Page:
This bronze statuette of the Roman period is modeled on one of the most influential statues of antiquity–the Tyche of Antioch by Eutychides, created in about 300 B.C. Tyche, the personification of Fortune, was held in great esteem in the Hellenistic and Roman periods. Cities throughout the Graeco-Roman world attempted to improve their own fortunes by celebrating Tyche as a civic deity. Tyche is usually represented in art as a female figure, wearing a mural crown. Sometimes identifying attributes, such as landscape features, were incorporated into a particular city’s image of Tyche. Judging by surviving copies, Eutychides’s Tyche of Antioch was shown seated on a rock, with a personification of the river Orontes at her feet. It is unclear whether Yale’s statuette originally included the figure of Orontes.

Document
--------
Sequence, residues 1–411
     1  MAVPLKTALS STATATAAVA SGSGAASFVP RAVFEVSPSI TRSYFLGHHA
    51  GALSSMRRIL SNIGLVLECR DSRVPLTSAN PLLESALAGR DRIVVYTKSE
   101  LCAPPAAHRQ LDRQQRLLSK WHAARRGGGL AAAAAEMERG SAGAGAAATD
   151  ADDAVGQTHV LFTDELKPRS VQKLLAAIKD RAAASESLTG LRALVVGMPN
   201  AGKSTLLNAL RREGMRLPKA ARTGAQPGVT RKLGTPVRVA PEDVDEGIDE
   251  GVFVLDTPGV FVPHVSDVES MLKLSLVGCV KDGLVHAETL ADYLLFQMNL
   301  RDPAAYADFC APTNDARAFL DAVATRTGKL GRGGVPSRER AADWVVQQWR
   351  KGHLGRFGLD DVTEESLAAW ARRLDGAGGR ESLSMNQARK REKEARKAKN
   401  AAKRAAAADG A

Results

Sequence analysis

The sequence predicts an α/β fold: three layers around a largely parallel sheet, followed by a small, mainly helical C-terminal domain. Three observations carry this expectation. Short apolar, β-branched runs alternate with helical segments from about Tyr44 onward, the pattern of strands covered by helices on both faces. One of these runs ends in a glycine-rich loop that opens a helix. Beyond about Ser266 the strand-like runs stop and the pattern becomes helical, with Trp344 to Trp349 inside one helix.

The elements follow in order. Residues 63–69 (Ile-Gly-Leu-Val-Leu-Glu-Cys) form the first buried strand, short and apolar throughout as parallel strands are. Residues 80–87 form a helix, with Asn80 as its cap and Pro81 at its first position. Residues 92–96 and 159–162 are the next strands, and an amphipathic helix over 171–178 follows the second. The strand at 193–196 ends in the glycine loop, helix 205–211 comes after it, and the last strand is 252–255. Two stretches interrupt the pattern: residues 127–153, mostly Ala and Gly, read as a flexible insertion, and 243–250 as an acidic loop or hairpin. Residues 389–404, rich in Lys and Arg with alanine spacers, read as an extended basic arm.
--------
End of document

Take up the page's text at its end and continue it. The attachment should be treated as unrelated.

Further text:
Roman, after a Greek original
Handbook of the Collections (New Haven, Conn.: Yale University Art Gallery, 1992), 266, ill.
“Catalogue of the Exhibition ‘An Obsession with Fortune: Tyche in Greek and Roman Art’,” Yale University Art Gallery Bulletin (1994): 108, no. 2.
Mark D. Stansbury-O’Donnell, “Reflections of the Tyche of Antioch in Literary Sources and on Coins,” Yale University Art Gallery Bulletin (1994): 54, no. 2, fig. 31.